The Constitution and the Electoral College
This is Part II of an article that reviewed the Constitution and the Electoral College.
As stated in Part I, the Electoral College is the process by which the President of the United States is elected. It is detailed and specified under Article II, Section I of the United States Constitution.
Part I reviewed the history that led up to the signing of the Declaration of Independence. Such was important because it impacts the reasoning behind the Constitution and Electoral College and helps in the understanding of both.
"History is a Myth that Men Agree to Believe" Napoleon Bonaparte
Again, Part I concluded with the signing of the Declaration of Independence.
The Articles of Confederation
While the states crafted their constitutions, the Continental Congress got together largely as a general political group. Though it was the central government, the individual states still held power. By 1777, Congress recognized that it should have written guidelines for how it was organized.
Congress worried that a central authority wouldn't be able to connect with the citizens it represented and would ultimately deteriorate into a dictatorship. But, Congress simply seemed to be a place of gathering for representatives from a group of affiliated states.
Each state would go on maintaining "sovereignty, freedom, and independence." The Congress would only print money, regulate peacekeeping, and solve disagreements between different states. Most importantly, Congress would preserve the Continental Army and manage war efforts. Each state had one vote. Nine out of thirteen states had to vote for a law in order for it to be enacted, and any changes to the articles required unanimous agreement
Certain issues eluded resolution. One proposal was to tax states based upon the total number of inhabitants, excluding Native Americans. The southern slave-owning states contended that taxes should be based only on the amount of white citizens. The south prevailed when congress decided that taxes would be based on land values and improvements. Congress could not impose taxes or regulate commerce.
"There is Nothing Good in War Except it's Ending" Abraham Lincoln
In 1776, France began to secretly assist the colonists. In 1778, it openly entered the war and helped ready the colonists. Its participation was invaluable and helped the Continental Army force Britain to surrender at Yorktown, Virginia in 1781. By then, the colonies essentially won their independence, although fighting officially ending in 1783.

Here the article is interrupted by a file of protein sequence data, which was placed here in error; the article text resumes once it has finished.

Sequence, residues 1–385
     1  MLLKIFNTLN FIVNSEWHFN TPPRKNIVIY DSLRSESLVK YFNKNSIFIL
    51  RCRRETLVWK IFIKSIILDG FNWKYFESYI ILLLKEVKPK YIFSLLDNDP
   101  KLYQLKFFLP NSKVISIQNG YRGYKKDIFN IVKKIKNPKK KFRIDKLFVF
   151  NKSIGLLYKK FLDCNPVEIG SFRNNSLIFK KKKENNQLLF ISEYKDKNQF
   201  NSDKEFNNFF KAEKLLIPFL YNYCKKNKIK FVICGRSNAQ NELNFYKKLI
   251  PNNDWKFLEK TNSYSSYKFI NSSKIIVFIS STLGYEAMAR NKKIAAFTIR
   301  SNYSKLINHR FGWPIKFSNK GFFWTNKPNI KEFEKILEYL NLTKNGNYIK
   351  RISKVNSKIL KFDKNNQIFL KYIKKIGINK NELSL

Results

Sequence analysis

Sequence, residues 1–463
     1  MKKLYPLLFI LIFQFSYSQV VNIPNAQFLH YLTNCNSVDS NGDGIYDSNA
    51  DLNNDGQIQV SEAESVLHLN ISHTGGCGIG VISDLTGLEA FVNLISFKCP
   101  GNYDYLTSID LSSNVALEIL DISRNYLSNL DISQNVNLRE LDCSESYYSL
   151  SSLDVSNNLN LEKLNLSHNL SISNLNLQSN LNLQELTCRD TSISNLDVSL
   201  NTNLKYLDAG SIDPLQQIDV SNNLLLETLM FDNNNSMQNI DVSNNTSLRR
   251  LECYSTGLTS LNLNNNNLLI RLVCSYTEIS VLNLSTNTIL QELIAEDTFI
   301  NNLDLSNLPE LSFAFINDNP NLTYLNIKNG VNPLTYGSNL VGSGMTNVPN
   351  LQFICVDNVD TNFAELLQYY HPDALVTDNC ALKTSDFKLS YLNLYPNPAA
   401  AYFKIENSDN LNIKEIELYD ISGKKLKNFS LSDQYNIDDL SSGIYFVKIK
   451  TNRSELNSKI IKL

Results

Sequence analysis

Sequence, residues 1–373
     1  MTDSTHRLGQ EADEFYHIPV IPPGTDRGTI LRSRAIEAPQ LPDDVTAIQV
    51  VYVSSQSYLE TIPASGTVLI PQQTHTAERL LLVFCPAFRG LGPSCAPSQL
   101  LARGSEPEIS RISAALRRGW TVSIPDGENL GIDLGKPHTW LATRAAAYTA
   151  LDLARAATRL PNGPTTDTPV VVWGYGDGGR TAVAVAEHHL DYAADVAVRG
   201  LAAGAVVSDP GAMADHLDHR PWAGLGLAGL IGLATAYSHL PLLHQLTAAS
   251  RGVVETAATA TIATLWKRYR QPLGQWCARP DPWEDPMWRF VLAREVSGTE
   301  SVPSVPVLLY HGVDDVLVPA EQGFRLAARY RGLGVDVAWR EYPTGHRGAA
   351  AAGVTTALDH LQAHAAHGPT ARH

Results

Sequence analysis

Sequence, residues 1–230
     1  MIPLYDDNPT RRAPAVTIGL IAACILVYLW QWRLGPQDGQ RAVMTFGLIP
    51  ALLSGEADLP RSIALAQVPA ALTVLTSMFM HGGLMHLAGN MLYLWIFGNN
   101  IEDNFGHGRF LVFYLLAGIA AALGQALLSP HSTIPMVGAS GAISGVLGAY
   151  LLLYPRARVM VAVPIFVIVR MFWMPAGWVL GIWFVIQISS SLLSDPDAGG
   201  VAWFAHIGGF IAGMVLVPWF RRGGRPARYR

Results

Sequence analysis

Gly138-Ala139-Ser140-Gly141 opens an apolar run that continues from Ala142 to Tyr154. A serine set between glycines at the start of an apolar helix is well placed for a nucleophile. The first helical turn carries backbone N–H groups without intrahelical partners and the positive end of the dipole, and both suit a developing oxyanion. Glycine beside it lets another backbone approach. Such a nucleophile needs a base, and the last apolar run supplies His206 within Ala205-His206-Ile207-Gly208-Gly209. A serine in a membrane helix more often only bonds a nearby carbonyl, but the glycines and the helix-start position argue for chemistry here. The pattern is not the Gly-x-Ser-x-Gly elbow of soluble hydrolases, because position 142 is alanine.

Thomas Jefferson: The greatest danger to freedom is a government that disregards its constitution (re-quoted to pass submission)
Now that America was independent, it needed a more authoritative central government in order to remain constant. In 1786, Alexander Hamilton called for a constitutional convention in Philadelphia.
On May 25, 1787, the Constitutional Convention opened at the State House (now Independence Hall). Fifty-five delegates attended, representing all thirteen states except Rhode Island.
Congress initially sought to amend the Articles of Confederation but then proposed an entirely new form of government. After an intensive, months-long debate, they developed a design that established the three branches of government, all of which had equal power and served as checks and balances so that no single branch would have too much authority. The three branches were as follows:
- Executive: the president leads this branch. It carries out the nation's laws;
Legislative: Congress leads this branch. The House of Representatives and the Senate make up Congress. It makes the nation's laws; and
- Judicial: The Supreme Court leads this branch. It reviews the laws.
Another sensitive issue concerned state representation in the legislature. Delegates from the larger states thought population should determine representation. Smaller states thought representation should be equal. The two-division legislature solved the matter. Each state would have equal representation in an upper house (Senate) and a proportional representation in a lower house (House of Representatives).
The U.S. Constitution was now the supreme law of the land.
"I Never Dreamed About Being President. I Dreamed About Being Willie Mays" George W. Bush
The First Presidential Election
The delegates contemplated various methods for selecting the president. They rejected popular election because a dispersed citizenship couldn't possibly appreciate a candidate's character and/or would only vote for a favorite from their state. They also rejected congressional election as such could lead to cliques and group-led deception.
As well, they feared a tyrant could manipulate direct election.
As well, they wanted to provide extra power to the smaller states.
The delegates finally agreed to the Electoral College scheme, whereby each state would direct a number of electors equal to the entire number of senators and representatives to which the state was entitled. The president, thus, was to be elected through the states.
The candidate who received the most votes would be president and the runner up would be vice president. Should there be a tie, the House of Representatives, because it was the house nearest the people, it would break it.
This lasted through four elections.